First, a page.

Project

Questions that unfold stories

Goal: This project is interested in exploring questions that unfold life stories, heal broken life stories and promote the development of character through life stories. The questions this project is concerned with may be categorized as existential or spiritual in nature and it is initially envisaged that they will comprise of the questions a person ask of themselves during the therapeutic journey or may be the questions a person perceives the world to be asking of them that is either from a situational (i.e. fate or destiny) or greater power (i.e. spiritual, mystical, universe or synchronous). In the first instance, it is necessary to understand how life stories create meaning for a person (and vice versa) to further understand what role questions these sorts of questions may play in this process in order to empirically define their role and then explore and develop practices to enhance resources to create healthy life stories.

Date: 1 January 2019

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Project log

Lee Newitt
added a research item
This dissertation will share the findings from an integrative literature review of narrative identity using a meta-ethnographic approach. First, we will interpret each of the three established narrative identity theories; McAdams’ ‘Life Story Model’, Hermans’ ‘Dialogical self’ and White and Epston’s ‘Narrative Therapy’ in order to contrast how self as meaning may be created. Second, the dissertation will share an experiential model of narrative identity derived from the synthesis of these theories and wider research. In this Narrative Modes of Meaning Model, we shall propose a person’s relationship between their self and their world may create four distinct yet overlapping narrative modes of meaning. We will further suggest that polarity might play an important role in forming these complex and coherent meanings of self. The dissertation takes the standpoint that making meaning of self from the story of life may be construed as a dynamic position of equilibrium between polarities in a person’s experiences of life. We will attempt to demonstrate that a person’s sense of who they are, their ‘meaning of self’ may be created from the interplay between these narrative modes of meaning. Furthermore, we will suggest this ‘meaning of self’ may be thought of as a simultaneous and paradoxical composite self that is created by and creates a person’s dynamic, relational experience of the world and suggest recent research to support this overall view. Finally, the dissertation will explain how the Narrative Modes of Meaning model integrates the established narrative identity theories and demonstrate how moving sequentially through these narrative modes of meaning ‘in time’ may create a person life story ’over time’. Concluding that a person’s life story life may be the organisational structure that simultaneously balances their evolving self-complexity with self-coherence. Keywords: Narrative Identity; Life Story; Meaning; Complexity; Coherence.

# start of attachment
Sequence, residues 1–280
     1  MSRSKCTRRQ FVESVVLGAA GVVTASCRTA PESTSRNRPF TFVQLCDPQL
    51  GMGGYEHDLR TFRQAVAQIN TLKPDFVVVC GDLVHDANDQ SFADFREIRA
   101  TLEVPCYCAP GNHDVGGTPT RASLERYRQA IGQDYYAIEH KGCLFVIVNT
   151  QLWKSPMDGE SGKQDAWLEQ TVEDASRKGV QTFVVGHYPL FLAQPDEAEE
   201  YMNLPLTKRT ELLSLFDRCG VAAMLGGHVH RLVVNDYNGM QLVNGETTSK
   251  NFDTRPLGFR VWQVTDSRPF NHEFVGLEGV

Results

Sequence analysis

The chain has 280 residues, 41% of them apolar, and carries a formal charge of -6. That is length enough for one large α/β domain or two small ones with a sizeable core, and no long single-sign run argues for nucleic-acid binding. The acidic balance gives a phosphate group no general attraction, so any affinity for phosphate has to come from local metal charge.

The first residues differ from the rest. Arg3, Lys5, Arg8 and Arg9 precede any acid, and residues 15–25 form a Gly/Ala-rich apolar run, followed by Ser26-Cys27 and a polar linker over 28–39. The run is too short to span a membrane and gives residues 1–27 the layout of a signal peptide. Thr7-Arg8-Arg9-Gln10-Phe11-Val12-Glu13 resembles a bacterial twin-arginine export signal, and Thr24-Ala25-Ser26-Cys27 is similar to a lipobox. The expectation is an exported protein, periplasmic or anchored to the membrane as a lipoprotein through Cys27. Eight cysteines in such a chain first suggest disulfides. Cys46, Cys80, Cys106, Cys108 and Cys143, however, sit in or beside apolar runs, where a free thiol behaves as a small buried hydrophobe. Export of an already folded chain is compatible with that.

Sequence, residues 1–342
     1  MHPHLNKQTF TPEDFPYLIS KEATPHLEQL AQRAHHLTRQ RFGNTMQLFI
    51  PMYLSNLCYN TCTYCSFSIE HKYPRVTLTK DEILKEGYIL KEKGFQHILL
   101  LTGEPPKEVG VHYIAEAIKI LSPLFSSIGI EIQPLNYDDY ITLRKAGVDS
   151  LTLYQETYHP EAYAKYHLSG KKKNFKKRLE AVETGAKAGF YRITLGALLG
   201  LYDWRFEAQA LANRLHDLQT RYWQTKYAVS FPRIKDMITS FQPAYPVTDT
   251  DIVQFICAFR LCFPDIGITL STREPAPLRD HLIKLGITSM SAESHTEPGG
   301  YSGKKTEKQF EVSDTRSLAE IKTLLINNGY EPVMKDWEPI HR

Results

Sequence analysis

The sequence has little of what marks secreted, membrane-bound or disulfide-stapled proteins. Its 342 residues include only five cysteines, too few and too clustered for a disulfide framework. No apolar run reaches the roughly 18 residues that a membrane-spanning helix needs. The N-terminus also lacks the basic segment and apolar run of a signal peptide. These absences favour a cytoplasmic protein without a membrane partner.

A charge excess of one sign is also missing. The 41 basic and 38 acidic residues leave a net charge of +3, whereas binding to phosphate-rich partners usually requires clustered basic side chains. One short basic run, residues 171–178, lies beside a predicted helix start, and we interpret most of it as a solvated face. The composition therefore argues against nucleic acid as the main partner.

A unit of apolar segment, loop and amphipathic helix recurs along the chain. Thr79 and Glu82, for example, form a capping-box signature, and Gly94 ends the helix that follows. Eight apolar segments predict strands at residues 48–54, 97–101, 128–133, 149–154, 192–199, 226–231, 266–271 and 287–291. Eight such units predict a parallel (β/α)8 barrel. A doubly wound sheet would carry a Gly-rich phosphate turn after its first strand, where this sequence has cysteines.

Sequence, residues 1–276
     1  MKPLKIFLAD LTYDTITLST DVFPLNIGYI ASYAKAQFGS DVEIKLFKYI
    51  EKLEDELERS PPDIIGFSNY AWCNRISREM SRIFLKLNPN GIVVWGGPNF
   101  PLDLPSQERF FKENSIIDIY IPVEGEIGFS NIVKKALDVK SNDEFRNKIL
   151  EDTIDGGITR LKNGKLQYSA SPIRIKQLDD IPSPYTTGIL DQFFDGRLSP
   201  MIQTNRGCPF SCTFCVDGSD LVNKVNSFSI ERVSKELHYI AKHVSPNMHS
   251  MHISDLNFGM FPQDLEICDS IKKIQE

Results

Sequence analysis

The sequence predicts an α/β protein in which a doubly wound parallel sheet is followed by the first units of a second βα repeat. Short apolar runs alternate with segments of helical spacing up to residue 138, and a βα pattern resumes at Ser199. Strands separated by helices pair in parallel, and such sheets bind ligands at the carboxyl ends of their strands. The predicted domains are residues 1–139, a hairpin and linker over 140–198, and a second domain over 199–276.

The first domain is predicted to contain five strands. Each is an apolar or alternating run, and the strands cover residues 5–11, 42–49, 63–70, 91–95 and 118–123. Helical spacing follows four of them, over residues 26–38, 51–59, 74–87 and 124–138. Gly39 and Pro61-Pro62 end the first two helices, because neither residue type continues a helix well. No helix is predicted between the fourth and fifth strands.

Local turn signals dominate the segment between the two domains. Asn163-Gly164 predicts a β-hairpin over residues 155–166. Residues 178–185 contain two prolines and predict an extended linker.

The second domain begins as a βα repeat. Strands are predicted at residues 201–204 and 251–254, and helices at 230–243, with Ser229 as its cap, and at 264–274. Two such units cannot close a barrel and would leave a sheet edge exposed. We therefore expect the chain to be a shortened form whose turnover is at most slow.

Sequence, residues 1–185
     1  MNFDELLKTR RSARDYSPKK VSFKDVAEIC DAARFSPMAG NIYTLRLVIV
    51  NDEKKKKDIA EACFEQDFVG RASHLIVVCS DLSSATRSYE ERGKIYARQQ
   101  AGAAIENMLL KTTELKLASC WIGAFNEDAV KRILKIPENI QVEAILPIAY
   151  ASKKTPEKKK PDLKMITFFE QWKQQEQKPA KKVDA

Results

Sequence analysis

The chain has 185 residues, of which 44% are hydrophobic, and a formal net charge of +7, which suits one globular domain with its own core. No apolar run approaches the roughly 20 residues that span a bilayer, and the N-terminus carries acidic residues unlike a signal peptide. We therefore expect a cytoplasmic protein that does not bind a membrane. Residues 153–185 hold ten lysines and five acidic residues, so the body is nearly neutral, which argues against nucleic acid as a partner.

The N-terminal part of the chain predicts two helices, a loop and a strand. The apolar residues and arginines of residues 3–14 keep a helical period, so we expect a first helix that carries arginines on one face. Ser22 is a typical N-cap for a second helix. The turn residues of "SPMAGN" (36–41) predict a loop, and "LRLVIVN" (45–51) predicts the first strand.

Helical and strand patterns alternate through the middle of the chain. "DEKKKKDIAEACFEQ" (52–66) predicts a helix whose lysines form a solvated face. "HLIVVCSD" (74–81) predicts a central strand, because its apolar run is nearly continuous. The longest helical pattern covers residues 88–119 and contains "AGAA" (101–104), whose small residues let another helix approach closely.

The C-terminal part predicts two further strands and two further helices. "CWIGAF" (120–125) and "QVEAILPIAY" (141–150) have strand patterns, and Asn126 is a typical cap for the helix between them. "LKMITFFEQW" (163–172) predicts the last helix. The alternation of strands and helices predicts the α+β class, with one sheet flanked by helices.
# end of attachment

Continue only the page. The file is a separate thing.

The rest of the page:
Lee Newitt
added a research item
This article will share the preliminary findings from a wider and ongoing interpretive synthesis of narrative identity literature. First, we provide the analogy of Dante’s journey through the ‘inferno’ to contextualize the review. Second, we share interpretations of literature pertaining to how life stories create meaning and suggest polarity might play an important role in forming complex and coherent meanings of life and selfhood. Meaning making in life stories is seen as a dynamic position of equilibrium between polarities in experiences that lead to themes and patterns. We suggest as an example the interplay between self and the world creates a person’s sense of agency, the extent a person believes they create their world or are created by it. Third, we interpret literature pertaining to how meaning creates life stories and suggest some examples of practise that may increase complexity and coherence through the expression and embodiment of meaning. Concluding by asking, if it is the balance between these different experiences of meanings that provide a person with the greatest sense of who they are?